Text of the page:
Monday, October 20, 2008

College Students Get a Taste of TV's Future

It's a very personalized experience.

-Linor Tal Levav, vice president-content strategy and acquisition, Intercast

In Joe Mandese, "Esurance, MPG Back New Ad-Supported Video Service: Provide Pay TV Series Free To College Kids," Online Media Daily, October 13, 2008

Students at a few leading universities, among them Purdue and Columbia, are part of a test that allows them to watch TV shows from Paramount's subscription network Showtime for free. The programming includes series like Dexter, The Tudors, and Californiacation. They are being made available for free to students who agree to watch ads on a a new online service, Kazam. Kazam is using technology by Intercast, which runs on Internet2, an ultra-high speed service that research universities have implemented on their campuses.

Although from the students' standpoint the service may be a way to get cool programming that would otherwise cost money, Intercast, Kazam and their advertisers see it as a way to use the fastest technology to test the customization of commercials and programs based on data Kazam has about each student. Intercast's Levav says that "The nice thing about our platform is that we serve the ads from storage, so we can serve them in great quality, high-definition, and we can combine features like targeting and interactivity and data feedback." The consequence is that the Kazam service can serve different shows and commercials --"say an episode of "Dexter" for one student, or a Discovery Channel show for another, or even a Sports Illustrated swimsuit special for a third, along with different commercials"--based on "the viewer's profile, their user behavior and the context of when and where they are viewing the content."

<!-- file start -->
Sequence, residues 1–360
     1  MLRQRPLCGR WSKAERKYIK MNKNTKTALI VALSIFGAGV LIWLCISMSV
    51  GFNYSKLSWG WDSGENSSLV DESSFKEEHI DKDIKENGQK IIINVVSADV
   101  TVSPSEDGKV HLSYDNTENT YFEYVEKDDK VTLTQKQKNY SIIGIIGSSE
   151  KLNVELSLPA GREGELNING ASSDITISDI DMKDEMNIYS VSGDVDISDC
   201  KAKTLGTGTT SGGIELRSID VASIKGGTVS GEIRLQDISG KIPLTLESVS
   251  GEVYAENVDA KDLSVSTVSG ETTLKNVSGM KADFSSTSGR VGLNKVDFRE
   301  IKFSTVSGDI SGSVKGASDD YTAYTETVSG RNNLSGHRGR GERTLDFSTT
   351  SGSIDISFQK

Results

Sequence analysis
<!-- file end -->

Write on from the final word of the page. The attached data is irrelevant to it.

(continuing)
Although it seems like simply a way to make money from advertising in a college environment, it's really a test by advertisers, media planners, and technology firm of the TV model for all Americans in the not-too-distant future.

No comments: